Inventive brides are also choosing ankle-length dresses to show off their fabulous stilettos, crystal foot jewelry for beach ceremonies, rhinestone-enhanced ankle tattoos, and Lirika Matoshi’s dazzling crystal-studded tulle glam socks with either vintage or new high heels.

Some are saying yes to barefoot sandals after kicking off heels on the dance floor or for outdoor weddings. Blue barefoot sandals hand-crocheted by Ally for her upcoming nuptials at the family farm got such a favorable response that they’re now available from her Trinity Willows Etsy shop.

Finally, the groom’s best man isn’t the only one in a bow tie. A white leash and bow tie make his best friend the wedding’s best dressed dog.

As for jewelry, choices extend beyond the classic Tiffany solitaire. There’s an uptick in rose gold (adding copper creates the rosy glow), a smattering of colored gems (think Kate Middleton’s sapphire) or pricey colored diamonds (like Blake Lively’s pink sparkler).

Increasingly, millennials are foregoing a big engagement bauble and opting for a unique wedding band, in a design with personal meaning for the couple, says Michael Cook of Paoli’s Walter J. Cook Jeweler. Custom designs may also include mixing metals, or different cuts and colors of stones so the ring’s setting is distinctive, says Cook.


Adored and Adorned

Anna never thought much about weddings until she met her beloved Sean. With few expectations, they’ve been intentional about keeping or changing traditions for their August celebration. Along with bridesmaids, Anna has a man of honor; Sean’s female friends and brothers are his attendants. Their multi-event day honors family and friends they adore.

Starting with their processional, an electric guitar version of Stevie Wonder’s “I Believe,” their morning family wedding accommodates older relatives who don’t drive at night. Friends are flocking to their evening party by the pool, with dancing and—since Anna and Sean are musicians—a jam session.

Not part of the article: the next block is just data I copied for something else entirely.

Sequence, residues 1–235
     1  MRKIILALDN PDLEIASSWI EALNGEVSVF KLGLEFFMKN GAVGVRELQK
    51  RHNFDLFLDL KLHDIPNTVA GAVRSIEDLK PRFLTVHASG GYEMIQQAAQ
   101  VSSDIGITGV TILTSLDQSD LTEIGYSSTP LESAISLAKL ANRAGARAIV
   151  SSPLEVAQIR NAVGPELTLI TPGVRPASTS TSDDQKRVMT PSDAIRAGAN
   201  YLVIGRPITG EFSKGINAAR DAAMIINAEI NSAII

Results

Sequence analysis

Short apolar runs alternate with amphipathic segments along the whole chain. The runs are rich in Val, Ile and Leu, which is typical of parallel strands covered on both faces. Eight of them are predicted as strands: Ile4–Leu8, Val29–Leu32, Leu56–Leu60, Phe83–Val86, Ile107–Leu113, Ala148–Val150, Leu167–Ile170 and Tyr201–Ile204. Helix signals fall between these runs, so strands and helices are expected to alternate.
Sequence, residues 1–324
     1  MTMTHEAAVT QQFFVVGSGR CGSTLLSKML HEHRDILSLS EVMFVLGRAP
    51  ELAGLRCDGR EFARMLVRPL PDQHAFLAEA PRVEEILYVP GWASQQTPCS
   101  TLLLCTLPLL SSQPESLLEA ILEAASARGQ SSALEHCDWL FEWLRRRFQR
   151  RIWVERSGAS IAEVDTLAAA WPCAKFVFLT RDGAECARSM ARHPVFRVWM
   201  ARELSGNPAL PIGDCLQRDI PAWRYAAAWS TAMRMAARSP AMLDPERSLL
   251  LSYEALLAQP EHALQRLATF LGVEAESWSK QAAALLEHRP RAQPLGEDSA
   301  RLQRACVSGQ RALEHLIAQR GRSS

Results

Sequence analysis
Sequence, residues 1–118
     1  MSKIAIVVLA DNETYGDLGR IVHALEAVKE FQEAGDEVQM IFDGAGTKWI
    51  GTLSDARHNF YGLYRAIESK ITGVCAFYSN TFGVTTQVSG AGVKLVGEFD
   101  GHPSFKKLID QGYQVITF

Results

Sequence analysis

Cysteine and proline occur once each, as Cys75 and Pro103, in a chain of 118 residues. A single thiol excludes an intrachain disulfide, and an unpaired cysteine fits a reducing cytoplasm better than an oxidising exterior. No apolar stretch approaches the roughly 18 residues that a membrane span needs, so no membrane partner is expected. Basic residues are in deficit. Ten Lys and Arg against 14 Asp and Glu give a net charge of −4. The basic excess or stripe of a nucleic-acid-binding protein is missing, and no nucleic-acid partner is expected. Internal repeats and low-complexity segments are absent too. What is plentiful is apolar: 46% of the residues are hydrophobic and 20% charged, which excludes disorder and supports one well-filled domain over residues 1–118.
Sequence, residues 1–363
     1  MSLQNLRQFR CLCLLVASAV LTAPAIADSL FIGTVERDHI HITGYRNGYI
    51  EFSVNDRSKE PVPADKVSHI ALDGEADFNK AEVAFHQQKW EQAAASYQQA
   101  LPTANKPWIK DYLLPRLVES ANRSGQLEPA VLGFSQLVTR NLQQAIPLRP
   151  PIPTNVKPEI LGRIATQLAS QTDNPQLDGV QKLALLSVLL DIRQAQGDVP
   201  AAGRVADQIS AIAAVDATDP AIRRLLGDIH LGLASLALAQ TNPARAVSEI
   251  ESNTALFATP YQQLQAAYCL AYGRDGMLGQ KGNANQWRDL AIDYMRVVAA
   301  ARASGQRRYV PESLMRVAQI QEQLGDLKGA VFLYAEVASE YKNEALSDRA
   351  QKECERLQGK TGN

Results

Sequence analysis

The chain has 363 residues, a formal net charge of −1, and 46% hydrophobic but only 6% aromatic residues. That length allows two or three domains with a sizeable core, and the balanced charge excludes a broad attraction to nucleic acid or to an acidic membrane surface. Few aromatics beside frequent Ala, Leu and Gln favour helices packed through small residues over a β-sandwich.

Decorating reception tables, bridesmaids’ hairdos and attendants’ jackets are colorful satin flowers Anna fashioned. In the works: a matching satin sash to adorn her white gown.

Ally and Steve, too, are focused on bringing together loved ones. Their wedding weekend will include bonfire s’mores and a dinner where everyone brings a favorite dish plus the recipe to make a keepsake cookbook.


Romance Blooms

Some brides express unique personalities through wedding flowers as well, says Cameron Peters Floral Design. Hot pink and jewel tones replace whites and creams for bouquets. Floral hoops hang from ceilings. Table centerpieces become favors for attendees. Wildflowers add to the mix.

Matlack Florist helps couples use plants in innovative ways: planting trees instead of lighting unity candles to join families; creating walls of greenery—ferns and succulents—for nuptial backgrounds; and draping lanterns with flowers to hang from trees at outdoor celebrations.

For out-of-season or unusual flowers, or butterflies that won’t flit away, origami bouquets and boutonnieres are the solution.


Over the Moon

Unconventional finales send newlyweds off with panache—sparklers, bubbles and balloons. They head to grand honeymoons in exotic Africa, Asia, or Australia, says WhirlAway Travel. Or they take a minimoon—a weekend resort trip within driving distance—until they have time and resources for a bigger vacation, especially if they’ve traveled for their bachelor’s and bachelorette’s parties.

For pre-nuptial destination parties, most couples bypass Vegas and choose fun towns like Austin, Nashville or New Orleans. Others opt for local but unusual activities, like duck hunting at Thousand Acre Farm in Middleton, Delaware. Mostly bachelor groups head for this prime location near the Delaware and Chesapeake Canal for water fowl. An afternoon of hunting in the marshland duck blinds (one has heat and electricity) followed by a wild game dinner with beer and bourbon tastings before cards, pool and hanging out.

Meanwhile, the bachelorettes may do a full spa day, bridal boot camp session or wine tasting. Something for every taste!


Donuts, dinosaurs, magic gardens and minimoons. As original as weddings may be, the love behind “I do” still endures.


Find more of Pat Robinson’s beautiful photos at

Tagged under: Wedding